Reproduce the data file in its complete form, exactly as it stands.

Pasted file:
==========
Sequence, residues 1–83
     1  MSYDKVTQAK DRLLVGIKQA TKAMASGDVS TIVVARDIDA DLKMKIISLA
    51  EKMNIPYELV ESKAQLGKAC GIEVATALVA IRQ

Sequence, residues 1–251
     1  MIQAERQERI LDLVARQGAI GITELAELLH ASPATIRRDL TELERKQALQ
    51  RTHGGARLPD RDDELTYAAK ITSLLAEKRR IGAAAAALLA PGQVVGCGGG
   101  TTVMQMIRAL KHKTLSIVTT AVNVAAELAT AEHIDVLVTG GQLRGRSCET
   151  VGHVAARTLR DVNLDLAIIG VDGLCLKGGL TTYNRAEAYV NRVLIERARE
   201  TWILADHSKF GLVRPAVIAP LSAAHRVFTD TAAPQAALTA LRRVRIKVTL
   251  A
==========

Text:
Sequence, residues 1–83
     1  MSYDKVTQAK DRLLVGIKQA TKAMASGDVS TIVVARDIDA DLKMKIISLA
    51  EKMNIPYELV ESKAQLGKAC GIEVATALVA IRQ

Sequence, residues 1–251
     1  MIQAERQERI LDLVARQGAI GITELAELLH ASPATIRRDL TELERKQALQ
    51  RTHGGARLPD RDDELTYAAK ITSLLAEKRR IGAAAAALLA PGQVVGCGGG
   101  TTVMQMIRAL KHKTLSIVTT AVNVAAELAT AEHIDVLVTG GQLRGRSCET
   151  VGHVAARTLR DVNLDLAIIG VDGLCLKGGL TTYNRAEAYV NRVLIERARE
   201  TWILADHSKF GLVRPAVIAP LSAAHRVFTD TAAPQAALTA LRRVRIKVTL
   251  A